A previous pilot study funded by SPU tested two floodplain reconnection projects on Thornton Creek, and measured project effectiveness with respect to detaining and treating storm water runoff entering the creek. One of the unique design elements of both projects was an engineered streambed featuring a constructed hyporheic zone. The hyporheic zone is the area of mixing of surface and ground waters within the streambed, which circulates, cools and cleans the surface water entering the streambed. The preliminary monitoring results indicate that a substantial fraction of the surface water is directed into, and travels through, the streambed, resulting in the removal of hundreds of organic storm water pollutants through a single hyporheic design element (a.k.a. a plunge pool structure) during both summer base flows, and medium-sized autumn storm flows. The results exceeded expectations and were published in a peer-reviewed journal (Peter et al., Water Research 2019). SPU provided additional funds to continue the partnership and joint contribution to this research work.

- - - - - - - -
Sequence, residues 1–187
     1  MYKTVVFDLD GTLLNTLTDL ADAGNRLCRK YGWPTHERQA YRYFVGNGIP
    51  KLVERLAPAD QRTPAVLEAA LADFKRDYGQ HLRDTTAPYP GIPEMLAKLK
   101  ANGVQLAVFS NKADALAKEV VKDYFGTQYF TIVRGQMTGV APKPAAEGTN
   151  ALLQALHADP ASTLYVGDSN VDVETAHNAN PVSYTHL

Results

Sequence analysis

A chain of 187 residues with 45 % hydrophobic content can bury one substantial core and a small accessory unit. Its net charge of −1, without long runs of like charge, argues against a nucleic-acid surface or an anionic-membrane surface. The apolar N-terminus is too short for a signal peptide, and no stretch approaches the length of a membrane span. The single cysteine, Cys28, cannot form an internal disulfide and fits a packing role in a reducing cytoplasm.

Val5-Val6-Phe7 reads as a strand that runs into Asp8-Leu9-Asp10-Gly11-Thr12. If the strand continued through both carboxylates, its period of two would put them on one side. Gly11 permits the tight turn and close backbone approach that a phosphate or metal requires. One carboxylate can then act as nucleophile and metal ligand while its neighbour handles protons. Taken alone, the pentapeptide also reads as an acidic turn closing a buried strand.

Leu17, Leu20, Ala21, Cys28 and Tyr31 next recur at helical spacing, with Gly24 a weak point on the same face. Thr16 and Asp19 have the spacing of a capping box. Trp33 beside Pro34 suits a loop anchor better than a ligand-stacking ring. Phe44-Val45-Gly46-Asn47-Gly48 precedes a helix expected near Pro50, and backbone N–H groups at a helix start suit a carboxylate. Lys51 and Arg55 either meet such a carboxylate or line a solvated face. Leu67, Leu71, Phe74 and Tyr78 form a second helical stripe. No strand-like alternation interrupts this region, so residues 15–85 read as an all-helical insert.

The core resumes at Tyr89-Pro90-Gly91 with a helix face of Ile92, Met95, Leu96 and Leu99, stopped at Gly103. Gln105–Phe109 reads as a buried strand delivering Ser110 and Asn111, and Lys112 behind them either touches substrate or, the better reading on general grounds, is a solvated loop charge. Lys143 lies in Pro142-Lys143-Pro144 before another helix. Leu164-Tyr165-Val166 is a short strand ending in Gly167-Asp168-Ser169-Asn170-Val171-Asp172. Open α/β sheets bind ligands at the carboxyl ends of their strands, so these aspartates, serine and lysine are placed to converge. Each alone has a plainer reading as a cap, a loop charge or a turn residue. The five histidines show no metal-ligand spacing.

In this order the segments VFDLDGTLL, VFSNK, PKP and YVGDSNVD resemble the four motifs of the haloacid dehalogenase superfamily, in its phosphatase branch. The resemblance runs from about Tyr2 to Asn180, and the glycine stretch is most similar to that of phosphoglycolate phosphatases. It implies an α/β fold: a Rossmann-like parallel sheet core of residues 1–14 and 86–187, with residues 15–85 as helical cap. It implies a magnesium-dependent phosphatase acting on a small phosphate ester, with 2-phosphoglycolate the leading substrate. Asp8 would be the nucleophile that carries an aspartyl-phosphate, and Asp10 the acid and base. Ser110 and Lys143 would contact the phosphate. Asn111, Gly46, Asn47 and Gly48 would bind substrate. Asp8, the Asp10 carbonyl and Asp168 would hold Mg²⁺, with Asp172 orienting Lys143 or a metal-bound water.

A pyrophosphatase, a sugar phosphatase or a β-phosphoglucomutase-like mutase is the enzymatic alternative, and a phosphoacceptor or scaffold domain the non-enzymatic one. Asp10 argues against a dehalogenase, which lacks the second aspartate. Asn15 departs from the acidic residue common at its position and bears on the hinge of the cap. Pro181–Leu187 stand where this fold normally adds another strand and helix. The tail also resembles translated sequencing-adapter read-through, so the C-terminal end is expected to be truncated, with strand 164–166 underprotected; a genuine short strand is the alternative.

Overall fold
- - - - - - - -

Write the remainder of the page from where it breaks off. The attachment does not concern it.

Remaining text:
Ariana Ochoa Camacho, SIAS/Social and Historical Studies
Woodrow Wilson Career Enhancement Fellowship
Woodrow Wilson National Fellowship Foundation


With support from the Woodrow Wilson Career Enhancement Fellowship, Dr. Ochoa Camacho intends to advance two articles based on elements of her previous research provisionally titled "Los Panfletos: Imprints from the Neoliberalization of Violence on the Colombian Cultural Archive of Unbelonging" and "Maria is not Full of Grace: The heteronormative imperative of U.S. and Colombian media narratives" which deal with cultural texts and ideas of belonging.

Andy James, Center for Urban Waters
Gathering, Compilation and Processing of PCB data for use in Salish Sea Model - Toxics Module Development and Application
Pacific Northwest National Laboratory (PNNL)